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August 28, 2003

One of the Enablers of Ever-Bigger Government

Numerous groups cast themselves as ideologically-neutral and believe their efforts are nothing more than 'good government.' According to National Taxpayers Union president John Berthoud, in an op-ed in today's Washington Times, one such group is the League of Women Voters. If their efforts were limited to political debates and voter registration, the 'good government' label might be true. However, Berthoud describes the active support for higher taxes by state and local LWV chapters, including those in Alabama, Kansas, Colorado, and California. Even worse, however, he notes the national LWV supports an enormouse expansion of the federal government. His group costed out the League's national legislative wish list, and found that it represents a 40% increase in the size of the already behemoth federal government, costing about $870 billion annually.

August 26, 2003

Spending it 'For the Children.' Right!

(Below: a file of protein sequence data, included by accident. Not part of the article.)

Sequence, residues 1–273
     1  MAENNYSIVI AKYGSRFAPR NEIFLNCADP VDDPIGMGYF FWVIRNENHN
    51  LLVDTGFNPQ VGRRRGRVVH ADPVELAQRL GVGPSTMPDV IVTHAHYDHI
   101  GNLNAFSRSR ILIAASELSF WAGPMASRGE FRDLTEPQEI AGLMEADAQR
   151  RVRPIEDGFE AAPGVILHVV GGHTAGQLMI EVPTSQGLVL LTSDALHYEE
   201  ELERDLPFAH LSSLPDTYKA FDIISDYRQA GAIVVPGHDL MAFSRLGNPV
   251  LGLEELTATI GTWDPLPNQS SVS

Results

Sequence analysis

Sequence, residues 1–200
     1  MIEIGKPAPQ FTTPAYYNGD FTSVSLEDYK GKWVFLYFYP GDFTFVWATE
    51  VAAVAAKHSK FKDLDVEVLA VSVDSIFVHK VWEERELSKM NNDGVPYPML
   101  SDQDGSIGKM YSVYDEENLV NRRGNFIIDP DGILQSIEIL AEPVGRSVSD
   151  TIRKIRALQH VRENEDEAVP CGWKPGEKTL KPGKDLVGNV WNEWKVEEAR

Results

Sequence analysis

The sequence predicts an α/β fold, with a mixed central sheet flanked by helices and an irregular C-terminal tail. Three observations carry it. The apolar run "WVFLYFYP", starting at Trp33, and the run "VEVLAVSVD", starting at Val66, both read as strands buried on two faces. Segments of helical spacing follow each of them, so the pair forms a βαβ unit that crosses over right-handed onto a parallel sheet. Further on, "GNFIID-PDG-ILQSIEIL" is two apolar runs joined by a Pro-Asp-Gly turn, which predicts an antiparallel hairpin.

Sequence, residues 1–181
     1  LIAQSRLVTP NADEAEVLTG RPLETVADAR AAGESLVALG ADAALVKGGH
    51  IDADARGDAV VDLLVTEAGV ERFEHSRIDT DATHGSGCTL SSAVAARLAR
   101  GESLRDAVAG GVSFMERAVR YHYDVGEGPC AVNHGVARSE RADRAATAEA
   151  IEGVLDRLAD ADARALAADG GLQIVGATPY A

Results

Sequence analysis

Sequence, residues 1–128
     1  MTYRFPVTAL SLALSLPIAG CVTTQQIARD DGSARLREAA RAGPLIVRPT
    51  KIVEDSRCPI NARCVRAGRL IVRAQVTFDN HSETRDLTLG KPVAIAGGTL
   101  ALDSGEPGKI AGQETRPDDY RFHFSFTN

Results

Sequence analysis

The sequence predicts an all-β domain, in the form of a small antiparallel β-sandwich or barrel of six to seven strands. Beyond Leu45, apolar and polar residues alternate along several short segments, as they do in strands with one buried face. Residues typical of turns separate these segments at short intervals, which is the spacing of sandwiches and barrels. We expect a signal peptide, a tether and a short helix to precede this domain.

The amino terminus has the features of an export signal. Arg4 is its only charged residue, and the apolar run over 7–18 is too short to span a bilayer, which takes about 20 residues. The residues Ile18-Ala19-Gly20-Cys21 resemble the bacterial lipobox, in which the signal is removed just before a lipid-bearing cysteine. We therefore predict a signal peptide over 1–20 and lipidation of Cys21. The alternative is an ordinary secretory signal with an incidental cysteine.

A year or so ago, it was popular for supporters of the public schools to use the slogan "for the children" to justify the need for increasing taxes. Apparently, some school board members in Oakland County, Michigan were intent on spending some of the taxpayer money on themselves, too. According to reporting by the Detroit Free Press [today (8/26), yesterday (8/25), and last Friday (8/22)], Michigan's governor now "has joined calls for members of the Oakland School Board of Education to resign amid reports of extravagant spending by the board and some top administrators." For example, the assistant superintendent for research was two weeks shy of resigning her $119,000 a year job when she took an 18-day trip to Poland, billing the school district half of the trip's $2,660 cost. The school board even approved "giving $50,000 to the City of Detroit for its 300th birthday bash in 2001." Talk about "Government for the Government by the Government paid for by Guess Who?" The ol' Taxpayers, of course. [For many more examples of such outrageous spending, be sure to read the Detroit Free Press' Friday, August 25, reporting]